”Astounding price for education is right. My son became a trauma surgeon but is still paying off a $330k school debt. It’s insane”

”Why leave the US? That should be obvious. I consider myself a refugee of gun violence and religious persecution. Why choose Spain? As a native of San Diego, I was looking for a similar climate and somewhat familiar language. But Mexico and all of South America is dominated by US influence. US exporting guns, importing drugs, overthrowing democratically elected goverments, constantly meddling by the CIA, and American corporations murdering activists with impunity. Spain provides all the benefits of the EU and escapes US influence. Spain has cultural and social benefits as well. Virtually the opposite of the USA’s paranoid, toxic individualism.

I had considered Australia but the language is not all that similar, there are climate and wildlife challenges, and it is heavily influenced by and beholden to the USA

”For love there’s a lot of awesome things about Spain, safety being one of the top but I don’t think I’d have moved here otherwise”

”As many who already commented here, there wasn’t one single reason. I’m Brazilian and lived my entire adult life in the US, I never thought about leaving, I clawed my way through to make my life there, I’d love to leave politics out of it but I simply can’t, ever since Trump became a thing my life changed quite a bit, being an immigrant became unbearable when so many people were suddenly empowered to be openly racist, that was the beginning of it and it was a steady decline from there, extremism, racism, xenophobia, misogyny, gun violence (which I’m aware existed before) became suffocating to me to the point I’ve lost my sense of self, I was no longer the spunky extrovert I had always been and that’s when I knew I had to go, I didn’t wanna leave but I had to because even though it was the life I worked so hard for, it felt like it was no longer my life to live. I’ve only been here for 2 weeks and my anxiety has disappeared, I understand that every country has issues but I need to live somewhere where I feel like myself and this feels like it. Added bonus being Brazilian and being able to acquire citizenship quicker”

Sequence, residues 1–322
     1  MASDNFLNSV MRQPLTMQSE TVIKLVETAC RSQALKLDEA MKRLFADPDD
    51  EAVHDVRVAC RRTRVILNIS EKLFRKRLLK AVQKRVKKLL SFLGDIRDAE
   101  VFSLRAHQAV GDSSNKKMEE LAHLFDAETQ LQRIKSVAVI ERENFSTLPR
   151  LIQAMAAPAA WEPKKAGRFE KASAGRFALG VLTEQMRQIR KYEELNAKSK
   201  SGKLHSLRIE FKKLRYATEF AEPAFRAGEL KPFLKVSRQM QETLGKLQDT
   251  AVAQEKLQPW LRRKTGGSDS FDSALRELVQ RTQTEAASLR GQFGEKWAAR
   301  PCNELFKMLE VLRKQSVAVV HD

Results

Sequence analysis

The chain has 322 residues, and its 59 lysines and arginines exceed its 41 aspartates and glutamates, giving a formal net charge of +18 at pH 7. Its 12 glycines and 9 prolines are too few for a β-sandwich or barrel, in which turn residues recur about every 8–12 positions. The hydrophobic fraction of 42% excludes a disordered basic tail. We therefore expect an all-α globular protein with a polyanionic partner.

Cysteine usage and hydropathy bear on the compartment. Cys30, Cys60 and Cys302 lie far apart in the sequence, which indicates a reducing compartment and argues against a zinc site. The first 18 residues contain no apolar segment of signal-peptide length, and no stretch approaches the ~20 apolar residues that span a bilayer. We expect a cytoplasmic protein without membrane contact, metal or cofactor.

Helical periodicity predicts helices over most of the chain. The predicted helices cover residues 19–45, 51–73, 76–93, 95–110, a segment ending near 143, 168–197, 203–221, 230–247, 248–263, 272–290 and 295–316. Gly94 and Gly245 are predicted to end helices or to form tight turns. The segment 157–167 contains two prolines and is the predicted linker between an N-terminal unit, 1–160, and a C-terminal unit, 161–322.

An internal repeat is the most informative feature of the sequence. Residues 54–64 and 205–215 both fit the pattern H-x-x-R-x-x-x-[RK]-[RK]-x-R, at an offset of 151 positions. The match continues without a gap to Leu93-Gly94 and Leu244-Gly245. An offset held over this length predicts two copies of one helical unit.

”I’m going to Spain for the food, architecture, lack of gun violence, healthcare quality, culture, and architecture. Latin America has a history of also being a colony, and it leaves a bad taste in my mouth. I’ve realised recently that the US has never shed its colony DNA–the culture here is of either bootlicking military/cops/corporations or being so busy and working yourself to death. What I’ve seen in Latin America (which isn’t much) is that they have very toxic government situations with crazy candidate swings (see Peru) and instability in general (mostly fomented and funded by the US). Latin American countries are just as many pawns to the Powers that Be as the US is. I want to be closer to Europe and I want EU residency as well so I can go wherever in Europe easily. The music I love is mostly from northern Europe (Sweden, Scotland, Germany) and England and Iceland. The concerts are cheap and better. There is a quality of life in Europe absent in the Western Hemisphere”